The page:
A little - bearing in mind all the glass surfaces in that vestibule, there must have been some pre-arrangement for safety. I'd definitely like to see these tactics tested more realistically.
    Last edited by DdlR; 6/21/2010 9:26pm at .

  7. #7
    DdlR's Avatar
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    Quote Originally Posted by Conde Koma View Post
    Actually, this is pretty awesome. They're not really training well, but it's better than nothing.

    To anyone familiar with Sasumata-do, is there any reason why application of the weapon to the weapon arm or neck wouldn't work? With the guy already pinned against the wall, catching him around the throat doesn't seem too hard.
    I've seen other sasumata designs online that have extra hooks to snag arms, etc. It occurred to me watching the video that when the "scary man" moves past the first line of defense at about 2.44, that would be a great time to hook him from behind.

  8. #8

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    Quote Originally Posted by DdlR View Post
    He does that twice early on in the restraint maneuvering and seems to try it a few times he's pinned, but it looks like he doesn't have the leverage. Basically, as he manages to shift one sasumata down, they all re-position a bit. Plus, I guess, he's trying to shift the forward pressure/body weight of the two people at the other end of the pole.
    True, but there's no surge - he seems to try to push, but never bucks against it. I get that the combined push of all the wielders would add up to a lot. But that's why you wouldn't want to wait for them all to have you, wouldn't want to get too close to the wall, would want to close asap on one or more of them etc. A lot of that wouldn't be any different if you have a short weapon (dagger) and they all had long (staff, bat, whatever).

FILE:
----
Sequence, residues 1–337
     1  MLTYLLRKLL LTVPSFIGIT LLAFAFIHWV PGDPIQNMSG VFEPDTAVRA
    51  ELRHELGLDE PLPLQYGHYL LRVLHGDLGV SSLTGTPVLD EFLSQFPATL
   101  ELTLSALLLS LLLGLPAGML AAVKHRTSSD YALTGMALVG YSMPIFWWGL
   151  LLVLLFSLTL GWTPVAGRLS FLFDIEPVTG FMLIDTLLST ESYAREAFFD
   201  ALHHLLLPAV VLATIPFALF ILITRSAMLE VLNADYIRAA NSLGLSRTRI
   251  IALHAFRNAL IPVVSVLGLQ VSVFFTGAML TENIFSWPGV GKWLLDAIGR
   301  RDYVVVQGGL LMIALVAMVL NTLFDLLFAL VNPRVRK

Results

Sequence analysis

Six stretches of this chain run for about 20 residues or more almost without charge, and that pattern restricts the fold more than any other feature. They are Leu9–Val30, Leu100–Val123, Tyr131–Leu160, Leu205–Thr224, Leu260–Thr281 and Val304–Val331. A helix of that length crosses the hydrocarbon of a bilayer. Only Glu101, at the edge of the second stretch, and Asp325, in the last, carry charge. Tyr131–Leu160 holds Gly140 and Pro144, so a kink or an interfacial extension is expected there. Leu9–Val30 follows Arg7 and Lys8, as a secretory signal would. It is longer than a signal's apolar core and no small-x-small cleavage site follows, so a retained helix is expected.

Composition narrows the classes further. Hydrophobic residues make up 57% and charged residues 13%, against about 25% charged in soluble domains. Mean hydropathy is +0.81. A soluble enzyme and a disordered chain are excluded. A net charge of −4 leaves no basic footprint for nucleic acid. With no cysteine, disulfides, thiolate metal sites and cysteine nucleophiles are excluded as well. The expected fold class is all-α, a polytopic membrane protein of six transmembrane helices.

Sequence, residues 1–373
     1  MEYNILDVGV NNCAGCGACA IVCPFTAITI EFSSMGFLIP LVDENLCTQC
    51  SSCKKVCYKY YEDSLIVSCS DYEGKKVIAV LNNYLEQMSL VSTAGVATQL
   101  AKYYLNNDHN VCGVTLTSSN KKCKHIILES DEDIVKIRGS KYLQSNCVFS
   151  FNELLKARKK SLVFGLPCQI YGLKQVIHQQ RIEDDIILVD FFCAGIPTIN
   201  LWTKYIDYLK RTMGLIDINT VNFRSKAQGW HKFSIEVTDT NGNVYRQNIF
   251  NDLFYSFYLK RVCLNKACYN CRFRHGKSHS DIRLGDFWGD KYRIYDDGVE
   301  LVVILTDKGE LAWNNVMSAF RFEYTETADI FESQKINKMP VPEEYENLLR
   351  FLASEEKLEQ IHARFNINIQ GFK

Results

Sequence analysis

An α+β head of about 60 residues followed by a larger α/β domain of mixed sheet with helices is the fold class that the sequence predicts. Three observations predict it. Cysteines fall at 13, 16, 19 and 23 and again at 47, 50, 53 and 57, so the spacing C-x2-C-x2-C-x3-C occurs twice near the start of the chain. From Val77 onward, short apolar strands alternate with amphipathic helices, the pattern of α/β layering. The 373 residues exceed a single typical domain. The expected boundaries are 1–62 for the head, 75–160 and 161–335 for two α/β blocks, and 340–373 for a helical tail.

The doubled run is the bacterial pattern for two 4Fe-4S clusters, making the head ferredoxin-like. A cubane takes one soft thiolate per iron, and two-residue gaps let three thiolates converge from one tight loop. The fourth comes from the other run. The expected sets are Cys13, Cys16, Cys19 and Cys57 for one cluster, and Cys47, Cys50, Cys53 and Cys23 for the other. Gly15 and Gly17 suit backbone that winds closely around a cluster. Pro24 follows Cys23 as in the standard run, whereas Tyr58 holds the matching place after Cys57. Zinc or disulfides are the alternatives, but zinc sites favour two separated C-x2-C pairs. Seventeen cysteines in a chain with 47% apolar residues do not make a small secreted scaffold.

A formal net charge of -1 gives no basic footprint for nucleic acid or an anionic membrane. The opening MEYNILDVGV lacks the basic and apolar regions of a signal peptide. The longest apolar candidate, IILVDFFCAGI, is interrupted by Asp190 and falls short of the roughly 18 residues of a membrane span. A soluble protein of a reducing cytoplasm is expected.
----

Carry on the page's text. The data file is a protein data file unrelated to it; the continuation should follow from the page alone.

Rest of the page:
I know - I'm making too much of it. Sorry. It's interesting to see. Thanks.

  9. #9
    DdlR's Avatar
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    Quote Originally Posted by Rivington View Post
    So, where are those restraining devices stored? Does security walk around the school with 'em all the time?
    From what I've gleaned, they're usually (securely) stored in racks on the walls in classrooms and corridors, sometimes with a locked box containing pepper spray. The teachers also do combined sasumata/pepper spray drills.

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    MrGalt's Avatar
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    Quote Originally Posted by DdlR View Post
    From what I've gleaned, they're usually (securely) stored in racks on the walls in classrooms and corridors, sometimes with a locked box containing pepper spray. The teachers also do combined sasumata/pepper spray drills.
    Oh, great. So they're kind of like a gun in a combination safe with a trigger lock and a separately stored key and ammunition, except when you finally get to them they don't work as well.
    It seems to me that the Sanjuriu Martial Art is not in guestion, but, rather the character of Mr. Galt.